The pluralism which is Berlin’s distinctive conviction, in ethics, politics, history and epistemology, derives from the irreducible plurality of individual human points of view and forms of life, varying not only over time and across cultures but between individuals within a common culture. We are all formed by our ancestry, our personal history and our choices, and must recognise that each of us lives within a narrow range of the universe of human possibilities, so that to try to live, or to impose on others, an ideal and universal form of life would be absurd. It is commonly said nowadays that the leading figures of the Enlightenment failed to recognise this elementary fact. But whether or not the charge is accurate, pluralism does not require abandonment of the central values of the Enlightenment – the recognition that, morally, every life matters equally, and the conviction that generally accessible forms of reasoning can be used to determine how we should accommodate ourselves to the facts that the human world presents us with.
Berlin’s distinctively modern liberalism results from a combination of these elements of the Enlightenment attitude with an unusually vivid sense of human plurality, and an affirmation of the irreplaceable value of life lived within a particular, contingent, highly specific form, guided by the non-universal selection of values specific to who one is. The combination of specificity and universality in Berlin’s case is particularly acute. Though the topic is discussed by several contributors, there could have been more in this book about the Jews, and about Berlin’s overwhelming identity as a Russian Jew, which has probably given him a much stronger capacity to understand radically different points of view than a more detached cosmopolitan intellectual of the usual mould could achieve. Berlin has been able to combine a strong and highly specific racial and national identity with a quite general human sympathy.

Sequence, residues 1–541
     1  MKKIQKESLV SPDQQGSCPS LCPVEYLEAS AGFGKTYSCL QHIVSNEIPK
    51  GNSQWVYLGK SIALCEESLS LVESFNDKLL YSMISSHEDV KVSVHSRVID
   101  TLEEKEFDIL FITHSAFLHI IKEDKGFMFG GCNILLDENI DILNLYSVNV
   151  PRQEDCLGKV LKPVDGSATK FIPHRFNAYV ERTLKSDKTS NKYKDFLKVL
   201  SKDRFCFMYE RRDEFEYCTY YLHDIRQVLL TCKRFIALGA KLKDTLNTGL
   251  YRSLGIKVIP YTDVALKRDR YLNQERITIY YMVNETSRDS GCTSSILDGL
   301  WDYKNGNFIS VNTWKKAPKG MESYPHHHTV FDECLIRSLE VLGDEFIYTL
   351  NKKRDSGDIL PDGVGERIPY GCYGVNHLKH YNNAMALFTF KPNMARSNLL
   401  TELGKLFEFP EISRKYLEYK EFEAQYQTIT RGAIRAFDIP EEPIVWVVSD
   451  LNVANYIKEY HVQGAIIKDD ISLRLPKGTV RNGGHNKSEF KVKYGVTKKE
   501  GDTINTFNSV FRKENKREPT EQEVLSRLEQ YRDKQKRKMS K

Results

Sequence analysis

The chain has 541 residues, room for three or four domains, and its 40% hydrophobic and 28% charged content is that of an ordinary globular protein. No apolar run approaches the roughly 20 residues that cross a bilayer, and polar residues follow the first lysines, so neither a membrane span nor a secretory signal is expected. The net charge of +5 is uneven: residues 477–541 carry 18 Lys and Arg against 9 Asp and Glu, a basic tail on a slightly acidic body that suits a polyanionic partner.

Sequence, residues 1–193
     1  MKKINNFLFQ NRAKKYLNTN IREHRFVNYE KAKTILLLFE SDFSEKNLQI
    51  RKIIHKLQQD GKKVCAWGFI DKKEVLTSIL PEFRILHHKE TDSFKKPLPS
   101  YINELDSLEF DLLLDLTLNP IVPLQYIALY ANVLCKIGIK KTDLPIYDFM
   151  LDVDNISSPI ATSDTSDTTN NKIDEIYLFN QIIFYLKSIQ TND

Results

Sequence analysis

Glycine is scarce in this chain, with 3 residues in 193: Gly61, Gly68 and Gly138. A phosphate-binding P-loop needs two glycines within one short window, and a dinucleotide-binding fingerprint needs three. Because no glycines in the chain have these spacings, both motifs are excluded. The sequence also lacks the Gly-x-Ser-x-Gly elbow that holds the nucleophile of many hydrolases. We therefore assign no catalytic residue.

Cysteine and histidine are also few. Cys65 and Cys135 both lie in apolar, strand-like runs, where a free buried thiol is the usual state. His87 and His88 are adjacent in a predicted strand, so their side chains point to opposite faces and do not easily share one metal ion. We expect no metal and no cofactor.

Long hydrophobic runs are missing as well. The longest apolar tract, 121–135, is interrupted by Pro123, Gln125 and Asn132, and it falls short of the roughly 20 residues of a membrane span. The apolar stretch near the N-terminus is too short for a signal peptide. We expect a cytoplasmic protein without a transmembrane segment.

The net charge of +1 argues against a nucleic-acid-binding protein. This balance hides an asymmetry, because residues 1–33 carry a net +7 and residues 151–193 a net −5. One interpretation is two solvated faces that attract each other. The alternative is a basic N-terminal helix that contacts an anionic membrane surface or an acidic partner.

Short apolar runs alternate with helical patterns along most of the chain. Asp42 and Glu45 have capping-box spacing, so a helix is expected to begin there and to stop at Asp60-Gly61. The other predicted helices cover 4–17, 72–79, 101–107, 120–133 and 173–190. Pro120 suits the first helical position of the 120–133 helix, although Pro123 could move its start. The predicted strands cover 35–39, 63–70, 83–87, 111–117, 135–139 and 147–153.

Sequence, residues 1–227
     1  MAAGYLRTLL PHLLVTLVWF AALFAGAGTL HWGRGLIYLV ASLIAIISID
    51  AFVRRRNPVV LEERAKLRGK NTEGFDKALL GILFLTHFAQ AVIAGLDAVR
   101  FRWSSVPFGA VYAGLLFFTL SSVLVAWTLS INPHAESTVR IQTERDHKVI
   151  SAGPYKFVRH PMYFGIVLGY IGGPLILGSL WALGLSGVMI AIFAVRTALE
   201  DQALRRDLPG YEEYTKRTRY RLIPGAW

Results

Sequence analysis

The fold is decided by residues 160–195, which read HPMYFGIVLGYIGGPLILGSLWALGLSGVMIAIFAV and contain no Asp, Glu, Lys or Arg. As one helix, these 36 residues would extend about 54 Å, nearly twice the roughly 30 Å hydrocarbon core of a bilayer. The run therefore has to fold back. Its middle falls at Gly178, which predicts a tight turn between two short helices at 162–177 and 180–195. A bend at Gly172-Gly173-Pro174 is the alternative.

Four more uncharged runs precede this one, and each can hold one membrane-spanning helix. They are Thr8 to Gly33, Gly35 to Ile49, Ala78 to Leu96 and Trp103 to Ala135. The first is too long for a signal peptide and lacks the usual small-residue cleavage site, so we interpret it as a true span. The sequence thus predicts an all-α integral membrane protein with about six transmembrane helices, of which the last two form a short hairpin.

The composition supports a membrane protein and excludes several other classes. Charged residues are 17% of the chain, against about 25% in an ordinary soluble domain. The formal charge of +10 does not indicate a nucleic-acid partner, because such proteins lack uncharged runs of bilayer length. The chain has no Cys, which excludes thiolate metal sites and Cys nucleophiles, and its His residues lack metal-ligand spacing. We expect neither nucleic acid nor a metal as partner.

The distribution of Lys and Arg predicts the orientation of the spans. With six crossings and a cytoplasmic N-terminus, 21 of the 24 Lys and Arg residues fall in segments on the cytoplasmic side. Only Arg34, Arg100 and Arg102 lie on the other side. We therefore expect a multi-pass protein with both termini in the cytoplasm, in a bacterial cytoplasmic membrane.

Richard Wollheim’s essay,‘The Idea of a Common Human Nature’, is illuminating on several of these topics. Wollheim also makes the point that Berlin’s interest in the observable features of life, and his diffidence about claims to have discovered underlying causes, are strongly reminiscent of Hume. Stuart Hampshire also, discussing Berlin’s ideas about nationalism, sees the influence of Hume’s psychological naturalism – the idea that rational justification in morality must always be subordinate to the‘passions’: i.e. the particular contingent facts of human motivation. This can result, and in Berlin’s case did result, in pessimism about the possibility of reconciliation on the basis of common values or interests between national groups, like the Irish and the English, or the Israelis and the Palestinians, whose memories of conflict cannot be transcended in the name of reason.